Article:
So, I posted this on a philosophy forum....(adsbygoogle = window.adsbygoogle || []).push({});

I was in a psychology class and I thought of something while reading "Why does the earth exist?".....

Bear with me here:

We know that ... 0=1-1 or also shown as 0= 1 + (-1)

In the latter, we know that 0=nothing. So, essentially, one and negative one cancel each other out. Physicists have proven antimatter and that anti-universes are likely to exist. Think of the equation as "Nothingness= (1 our universe 1) (+colliding with+) (-1 our anti-universe -1) rather than 0= 1 + (-1). So, there is an anti-me right now, typing this same question on an anti-computer. If I were to collide with the anti-me, we would be disappear in a flash of light and all that would be left is energy. So, if the whole universe collided with the anti-universe, there would be nothing left over, and all of the positive energy would cancel out the negative energy and the final charge would be 0. Therefore, for something to be able to truly exist, it must not have a counterpart made of anti-matter. Because everything is made of anti-matter, nothing truly exists, because the universe which it inhabits is only one number in an equation, where there is another universe which is the opposite of this universe, cancelling out everything in our universe. Therefore, the cosmos is one big math problem, that hasn't been solved yet. What is the answer? It is 0; nothing exists and the 0 will not be unearthed until the collision of the matter universe and the anti-matter universe.

This was my theory (let me know if you find any other loopholes please!.) I showed this to all of my intellectual friends, trying to get them to refute it. However, they couldn't. I then showed it to my Dad, who immediately said "What about dark energy? Dark energy is neither matter nor anti-matter. If both universes collided, you would still have dark energy, which is something (therefore not equal to 0.)" So, there has been a refutation. I was wondering if any hyperintellectuals on here had any ad hoc descriptions that could make my theory viable again. Thank you!

----------------------------------------------------------------------------------------------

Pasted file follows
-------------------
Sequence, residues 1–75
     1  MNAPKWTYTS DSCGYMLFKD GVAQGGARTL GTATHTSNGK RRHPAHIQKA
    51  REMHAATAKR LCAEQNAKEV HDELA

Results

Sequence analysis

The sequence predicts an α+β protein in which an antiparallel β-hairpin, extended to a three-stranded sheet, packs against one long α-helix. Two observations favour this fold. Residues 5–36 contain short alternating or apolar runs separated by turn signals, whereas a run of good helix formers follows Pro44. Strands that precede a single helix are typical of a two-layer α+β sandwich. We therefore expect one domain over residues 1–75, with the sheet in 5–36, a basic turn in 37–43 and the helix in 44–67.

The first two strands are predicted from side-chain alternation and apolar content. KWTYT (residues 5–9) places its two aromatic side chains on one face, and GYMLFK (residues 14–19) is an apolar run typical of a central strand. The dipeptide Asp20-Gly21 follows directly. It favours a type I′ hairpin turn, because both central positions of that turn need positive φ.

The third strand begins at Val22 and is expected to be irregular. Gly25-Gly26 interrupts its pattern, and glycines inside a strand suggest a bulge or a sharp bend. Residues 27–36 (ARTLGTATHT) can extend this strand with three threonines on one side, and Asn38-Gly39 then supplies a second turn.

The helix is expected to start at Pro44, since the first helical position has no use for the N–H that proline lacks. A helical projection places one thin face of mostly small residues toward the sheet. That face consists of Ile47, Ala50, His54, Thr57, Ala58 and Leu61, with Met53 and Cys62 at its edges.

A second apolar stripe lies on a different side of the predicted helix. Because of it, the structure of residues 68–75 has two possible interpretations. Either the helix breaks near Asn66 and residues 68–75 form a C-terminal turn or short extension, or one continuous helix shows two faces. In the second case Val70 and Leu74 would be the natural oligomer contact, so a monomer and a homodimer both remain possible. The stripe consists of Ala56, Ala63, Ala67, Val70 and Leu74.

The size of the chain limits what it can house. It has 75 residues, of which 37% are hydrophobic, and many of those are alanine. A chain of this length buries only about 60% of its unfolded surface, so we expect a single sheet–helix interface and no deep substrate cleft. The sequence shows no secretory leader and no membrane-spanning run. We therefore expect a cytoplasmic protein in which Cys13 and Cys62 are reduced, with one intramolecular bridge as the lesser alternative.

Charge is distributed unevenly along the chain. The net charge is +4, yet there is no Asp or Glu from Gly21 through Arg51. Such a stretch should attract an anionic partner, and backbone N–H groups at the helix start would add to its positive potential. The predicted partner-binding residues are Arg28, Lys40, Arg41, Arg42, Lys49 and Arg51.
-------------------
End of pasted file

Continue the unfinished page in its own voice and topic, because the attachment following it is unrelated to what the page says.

Then, somebody commented, saying:

Matter and anti matter almost negated themselves at the beginning of the universe, there was believed to be a slight difference in the ratio, a fraction of a percent more matter than anti matter, and all the mass and matter we see today, is the left over of that earlier battle.

So it wouldn't necessarily be 0 =1+(-1) Perhaps more like 1.00001+(-1)

I'd imagine that if multiverse theory is true, a similar thing would have happened, perhaps with varying degrees of difference, or perhaps matter wins every time? Its difficult to predict anything when talking about the multiverse, as its impossible to reach one from the other.

Perhaps taking your question to a science / astrophysics forum, you'll get a detailed answer.

----------------------------------------------------------------------------------------------

So, I leave you brilliant people with these questions:

1.) Was this person right about there being more matter than antimatter?

2.) Other than the matter>antimatter and the dark energy points, are there any other loopholes?

3.) Is there possibly an ad hoc variable or constant that could make this theory work?

4.) Am I at least on the right track?

Sincerely, another stupid teenager.

**Physics Forums - The Fusion of Science and Community**

The friendliest, high quality science and math community on the planet! Everyone who loves science is here!

# Metaphysical description of the cosmos, help with theory?

Loading...

Similar Threads - Metaphysical description cosmos | Date |
---|---|

Insights A Journey Into the Cosmos - FLRW Metric and The Friedmann Equation - Comments | Jan 12, 2018 |

Hydrodynamical description of photons | Aug 13, 2013 |

Is the following creation description useful? | Dec 8, 2012 |

Just wondering what the latest descriptions of space were. | Jun 29, 2012 |

General relativity: a poor description of spacetime | Oct 7, 2011 |

**Physics Forums - The Fusion of Science and Community**